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We stopped for a while to marvel how such a temple with two stupas could be built at the top of the steep hill. It must have taken lots of hard labour for the stones to be carted up and assembled to form such grand structures.

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Standing right at the top, we took in the lovely greenery below: of trees and the occasional stupa poking out in between. It was such a peaceful and serene sight.

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Back on lower ground, there were much more extensive structures, this time more of a holy city than simple temple. This one below had a Buddha image flanked by great serpents, which I liked a lot. There was something somewhat contradictory about the serenity of Buddha and the venomous snake juxtaposed that appealed to me.

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In these ruins, we noticed that new inhabitants had replaced the ancient humans. These brothers were rather shy.

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But one of them was braver than the other…

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… and came right up to check us out. He allowed Tom just one quick pat.

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And one pat was all. They allowed us a celebrity photo of them posing nicely.

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And then we were left to ponder the ancients on our own.

March in Laos: The Real Monkey Business

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Did you figure out how we got from tree house to tree house? Check out the picture below and see if you can now.

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There were cables strung up across different parts of the valley and also to each tree house. We were all kitted up with harnesses and a pulley and we were all set to go across the zipline. After a few zips across picturesque valleys and a couple of treks on foot, we went across the final cable to get into our tree house.

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It was loads of fun because of the incredibly high speeds. It was hard to appreciate the scenery while going past really fast. I think it was also less scary seeing the river coursing down the valley so far below when you’re worried about whether or not you’ll crash into a tree on the other side.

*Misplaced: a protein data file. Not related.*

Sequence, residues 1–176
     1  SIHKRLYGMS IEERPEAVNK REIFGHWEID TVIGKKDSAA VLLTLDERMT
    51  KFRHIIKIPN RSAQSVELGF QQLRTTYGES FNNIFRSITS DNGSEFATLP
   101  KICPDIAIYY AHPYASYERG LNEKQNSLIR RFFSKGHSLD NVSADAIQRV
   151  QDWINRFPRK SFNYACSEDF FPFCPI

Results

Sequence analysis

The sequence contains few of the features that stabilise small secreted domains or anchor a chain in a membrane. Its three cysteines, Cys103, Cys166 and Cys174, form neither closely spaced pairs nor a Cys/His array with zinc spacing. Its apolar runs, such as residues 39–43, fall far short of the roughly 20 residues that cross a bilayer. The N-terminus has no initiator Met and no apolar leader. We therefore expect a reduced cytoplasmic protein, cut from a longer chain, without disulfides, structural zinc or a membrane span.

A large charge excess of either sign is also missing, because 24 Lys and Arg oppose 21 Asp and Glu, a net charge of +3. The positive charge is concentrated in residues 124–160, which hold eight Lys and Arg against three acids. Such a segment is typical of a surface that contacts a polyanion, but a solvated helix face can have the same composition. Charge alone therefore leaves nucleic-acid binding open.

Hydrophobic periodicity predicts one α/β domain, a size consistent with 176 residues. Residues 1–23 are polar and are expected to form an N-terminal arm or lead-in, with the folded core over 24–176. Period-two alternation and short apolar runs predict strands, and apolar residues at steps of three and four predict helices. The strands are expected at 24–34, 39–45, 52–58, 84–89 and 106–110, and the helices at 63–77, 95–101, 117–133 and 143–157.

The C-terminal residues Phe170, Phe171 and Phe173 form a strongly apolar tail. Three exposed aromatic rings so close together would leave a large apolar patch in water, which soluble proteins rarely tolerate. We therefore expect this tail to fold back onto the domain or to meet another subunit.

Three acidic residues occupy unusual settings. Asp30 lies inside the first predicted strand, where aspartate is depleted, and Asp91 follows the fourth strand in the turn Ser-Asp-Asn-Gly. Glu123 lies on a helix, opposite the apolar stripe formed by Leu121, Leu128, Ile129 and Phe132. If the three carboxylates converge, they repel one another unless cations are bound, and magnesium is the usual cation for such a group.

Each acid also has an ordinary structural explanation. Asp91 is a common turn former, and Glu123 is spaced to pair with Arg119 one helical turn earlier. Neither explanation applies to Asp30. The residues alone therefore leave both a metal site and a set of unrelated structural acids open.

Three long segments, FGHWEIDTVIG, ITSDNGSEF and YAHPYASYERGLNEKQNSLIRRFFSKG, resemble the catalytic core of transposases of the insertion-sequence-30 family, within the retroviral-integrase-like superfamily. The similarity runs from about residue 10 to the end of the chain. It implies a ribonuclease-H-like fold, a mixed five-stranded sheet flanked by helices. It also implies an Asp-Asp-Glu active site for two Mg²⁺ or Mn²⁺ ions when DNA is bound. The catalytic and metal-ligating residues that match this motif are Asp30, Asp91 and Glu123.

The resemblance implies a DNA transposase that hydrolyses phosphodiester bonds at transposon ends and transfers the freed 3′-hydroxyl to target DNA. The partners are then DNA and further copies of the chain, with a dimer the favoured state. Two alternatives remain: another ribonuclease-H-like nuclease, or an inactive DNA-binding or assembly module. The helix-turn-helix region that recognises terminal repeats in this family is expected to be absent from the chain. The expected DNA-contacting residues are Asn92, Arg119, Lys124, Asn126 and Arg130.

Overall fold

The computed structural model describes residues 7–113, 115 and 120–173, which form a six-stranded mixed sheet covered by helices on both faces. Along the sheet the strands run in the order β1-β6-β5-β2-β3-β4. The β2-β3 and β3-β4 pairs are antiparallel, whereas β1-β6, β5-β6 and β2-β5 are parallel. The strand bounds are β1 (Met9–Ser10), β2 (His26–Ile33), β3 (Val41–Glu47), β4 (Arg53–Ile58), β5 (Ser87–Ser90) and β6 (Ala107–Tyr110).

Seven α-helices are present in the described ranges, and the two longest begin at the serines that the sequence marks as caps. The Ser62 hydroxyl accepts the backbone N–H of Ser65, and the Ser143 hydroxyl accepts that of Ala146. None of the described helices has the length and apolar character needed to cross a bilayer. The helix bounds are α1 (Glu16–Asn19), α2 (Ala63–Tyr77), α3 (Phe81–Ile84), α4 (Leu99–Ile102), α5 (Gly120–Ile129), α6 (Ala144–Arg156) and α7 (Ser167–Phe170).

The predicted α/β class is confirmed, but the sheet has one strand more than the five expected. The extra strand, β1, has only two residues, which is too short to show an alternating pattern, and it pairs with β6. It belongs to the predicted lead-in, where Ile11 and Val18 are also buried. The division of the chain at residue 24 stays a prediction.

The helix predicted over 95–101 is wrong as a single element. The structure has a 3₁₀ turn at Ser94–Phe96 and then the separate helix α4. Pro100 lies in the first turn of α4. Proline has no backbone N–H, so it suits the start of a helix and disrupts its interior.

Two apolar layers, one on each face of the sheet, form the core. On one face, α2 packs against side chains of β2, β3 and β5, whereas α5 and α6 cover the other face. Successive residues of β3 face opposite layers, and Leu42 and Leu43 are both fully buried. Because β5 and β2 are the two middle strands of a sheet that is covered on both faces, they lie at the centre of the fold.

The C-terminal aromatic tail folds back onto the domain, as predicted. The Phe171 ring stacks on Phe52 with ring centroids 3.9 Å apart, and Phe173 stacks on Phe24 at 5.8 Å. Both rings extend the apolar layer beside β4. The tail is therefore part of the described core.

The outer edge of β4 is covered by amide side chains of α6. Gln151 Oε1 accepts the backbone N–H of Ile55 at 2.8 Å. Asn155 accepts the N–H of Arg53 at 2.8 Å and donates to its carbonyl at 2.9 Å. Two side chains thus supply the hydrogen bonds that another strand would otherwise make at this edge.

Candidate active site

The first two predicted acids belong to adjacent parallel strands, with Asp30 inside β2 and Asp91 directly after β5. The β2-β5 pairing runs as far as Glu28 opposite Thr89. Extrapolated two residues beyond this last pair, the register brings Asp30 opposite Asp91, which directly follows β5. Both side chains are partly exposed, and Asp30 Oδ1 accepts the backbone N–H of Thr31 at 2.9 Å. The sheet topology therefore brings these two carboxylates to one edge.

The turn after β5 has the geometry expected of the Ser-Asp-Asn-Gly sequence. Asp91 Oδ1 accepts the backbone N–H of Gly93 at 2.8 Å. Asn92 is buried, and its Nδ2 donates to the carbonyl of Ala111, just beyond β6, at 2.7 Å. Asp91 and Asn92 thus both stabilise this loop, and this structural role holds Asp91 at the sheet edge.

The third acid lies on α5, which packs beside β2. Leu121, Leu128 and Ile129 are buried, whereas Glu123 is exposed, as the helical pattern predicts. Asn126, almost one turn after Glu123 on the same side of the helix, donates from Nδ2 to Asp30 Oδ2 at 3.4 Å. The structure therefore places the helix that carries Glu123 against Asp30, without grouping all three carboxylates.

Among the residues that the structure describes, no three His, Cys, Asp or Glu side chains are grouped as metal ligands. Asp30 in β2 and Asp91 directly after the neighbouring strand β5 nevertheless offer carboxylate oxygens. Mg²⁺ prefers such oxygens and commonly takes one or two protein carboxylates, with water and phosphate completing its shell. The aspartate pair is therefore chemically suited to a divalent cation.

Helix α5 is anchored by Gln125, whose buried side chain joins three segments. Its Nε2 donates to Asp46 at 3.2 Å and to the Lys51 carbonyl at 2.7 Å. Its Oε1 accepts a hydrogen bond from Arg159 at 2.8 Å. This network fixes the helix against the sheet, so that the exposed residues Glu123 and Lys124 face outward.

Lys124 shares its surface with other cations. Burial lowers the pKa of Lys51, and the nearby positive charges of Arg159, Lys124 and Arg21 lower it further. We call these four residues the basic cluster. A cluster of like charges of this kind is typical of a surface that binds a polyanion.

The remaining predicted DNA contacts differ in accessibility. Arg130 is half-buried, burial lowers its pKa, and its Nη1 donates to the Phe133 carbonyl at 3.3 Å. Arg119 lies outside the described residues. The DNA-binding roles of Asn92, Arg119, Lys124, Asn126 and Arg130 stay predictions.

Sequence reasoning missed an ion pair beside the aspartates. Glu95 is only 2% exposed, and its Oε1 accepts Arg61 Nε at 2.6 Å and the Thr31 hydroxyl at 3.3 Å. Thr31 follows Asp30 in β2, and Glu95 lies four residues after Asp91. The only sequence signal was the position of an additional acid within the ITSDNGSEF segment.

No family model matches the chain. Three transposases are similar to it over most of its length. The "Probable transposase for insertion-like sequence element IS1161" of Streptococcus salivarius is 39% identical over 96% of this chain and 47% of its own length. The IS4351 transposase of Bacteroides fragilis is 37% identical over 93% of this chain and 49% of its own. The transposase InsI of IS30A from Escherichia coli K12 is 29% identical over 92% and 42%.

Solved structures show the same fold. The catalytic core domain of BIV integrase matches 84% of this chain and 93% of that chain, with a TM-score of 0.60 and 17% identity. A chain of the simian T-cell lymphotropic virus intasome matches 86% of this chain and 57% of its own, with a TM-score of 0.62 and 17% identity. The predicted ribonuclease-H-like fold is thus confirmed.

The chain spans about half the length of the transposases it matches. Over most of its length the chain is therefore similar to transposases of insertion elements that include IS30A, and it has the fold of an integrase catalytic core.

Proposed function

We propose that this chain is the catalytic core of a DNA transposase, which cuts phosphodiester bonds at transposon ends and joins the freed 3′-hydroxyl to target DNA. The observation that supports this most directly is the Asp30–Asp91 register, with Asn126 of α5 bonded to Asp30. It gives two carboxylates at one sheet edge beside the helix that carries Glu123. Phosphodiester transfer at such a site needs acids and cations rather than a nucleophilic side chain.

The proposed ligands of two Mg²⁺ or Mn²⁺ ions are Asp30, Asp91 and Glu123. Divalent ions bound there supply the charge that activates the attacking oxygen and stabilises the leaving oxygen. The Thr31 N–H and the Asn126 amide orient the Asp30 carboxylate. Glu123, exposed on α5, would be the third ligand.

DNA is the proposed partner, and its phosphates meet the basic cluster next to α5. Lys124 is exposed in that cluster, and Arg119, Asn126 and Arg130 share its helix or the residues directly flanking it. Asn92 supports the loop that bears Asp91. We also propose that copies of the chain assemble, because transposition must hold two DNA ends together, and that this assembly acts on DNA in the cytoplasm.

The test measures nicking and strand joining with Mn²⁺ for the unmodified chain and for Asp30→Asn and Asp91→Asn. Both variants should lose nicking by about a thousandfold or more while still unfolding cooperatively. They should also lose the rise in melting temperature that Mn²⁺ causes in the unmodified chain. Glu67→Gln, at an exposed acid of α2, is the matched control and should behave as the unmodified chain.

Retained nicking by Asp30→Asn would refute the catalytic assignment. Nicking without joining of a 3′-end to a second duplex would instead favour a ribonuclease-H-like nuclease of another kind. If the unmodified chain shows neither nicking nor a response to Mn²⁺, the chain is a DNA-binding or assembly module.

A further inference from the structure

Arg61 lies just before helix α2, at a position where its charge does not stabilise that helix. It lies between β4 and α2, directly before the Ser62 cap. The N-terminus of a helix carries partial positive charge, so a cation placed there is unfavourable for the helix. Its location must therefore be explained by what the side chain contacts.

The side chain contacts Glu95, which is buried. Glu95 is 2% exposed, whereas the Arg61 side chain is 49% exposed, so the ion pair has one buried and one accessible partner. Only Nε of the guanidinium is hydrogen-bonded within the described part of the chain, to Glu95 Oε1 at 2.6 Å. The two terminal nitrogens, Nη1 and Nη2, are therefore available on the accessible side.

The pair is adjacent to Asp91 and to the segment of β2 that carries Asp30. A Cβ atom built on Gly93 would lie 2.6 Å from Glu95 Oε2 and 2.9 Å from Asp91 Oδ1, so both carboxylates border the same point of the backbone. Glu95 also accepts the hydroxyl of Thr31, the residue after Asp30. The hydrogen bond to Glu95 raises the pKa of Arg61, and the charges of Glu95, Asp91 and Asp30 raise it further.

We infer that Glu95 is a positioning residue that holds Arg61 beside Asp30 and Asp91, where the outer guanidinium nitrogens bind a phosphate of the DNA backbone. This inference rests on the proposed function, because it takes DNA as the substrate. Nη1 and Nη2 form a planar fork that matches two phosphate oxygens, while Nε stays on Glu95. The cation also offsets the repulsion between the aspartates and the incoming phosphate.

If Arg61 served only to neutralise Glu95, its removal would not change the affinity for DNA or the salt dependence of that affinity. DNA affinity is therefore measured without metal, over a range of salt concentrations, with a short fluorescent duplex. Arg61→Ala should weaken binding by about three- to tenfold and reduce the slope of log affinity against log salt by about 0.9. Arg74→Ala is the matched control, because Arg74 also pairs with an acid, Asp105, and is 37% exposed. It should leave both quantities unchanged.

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But you do slow down in the end. Occasionally if you don’t build up enough momentum you end up slowing down too fast and have to climb the rest of the, thankfully, short way back to the receiving platform.

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There were some problems with rats at another tree house and this cat was despatched to get rid of them. Of course it didn’t have its own harness, so into a sack it went. It wasn’t too happy about the disrespectful treatment and gave its ride a good scratch when freed. At least it must’ve been in cat heaven hunting all the rats on the tree.

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It’s a pity I didn’t get any good pictures while on the zipline. Most of the time I was going to fast to frame the picture well, other times it was unfocussed and most time I was just having too much fun to even want to consider marring the experience by watching my camera fall hundreds of metres into the river below.

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Nonetheless, the dusk views from the tree houses were pretty amazing. It was good enough seeing this, it didn’t matter that we hardly saw any wildlife.

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Except this lizard that one of the local guides gamely displayed on his shirt.

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It was a lovely two and a half days running round the forest ziplining like rabid monkeys across the cables over and over and over and over again. It was great getting to know the others in the group swapping stories by candlelight at night, then going to sleep and waking up to another day of ziplining again. It really was worth coming all this while to Laos for this.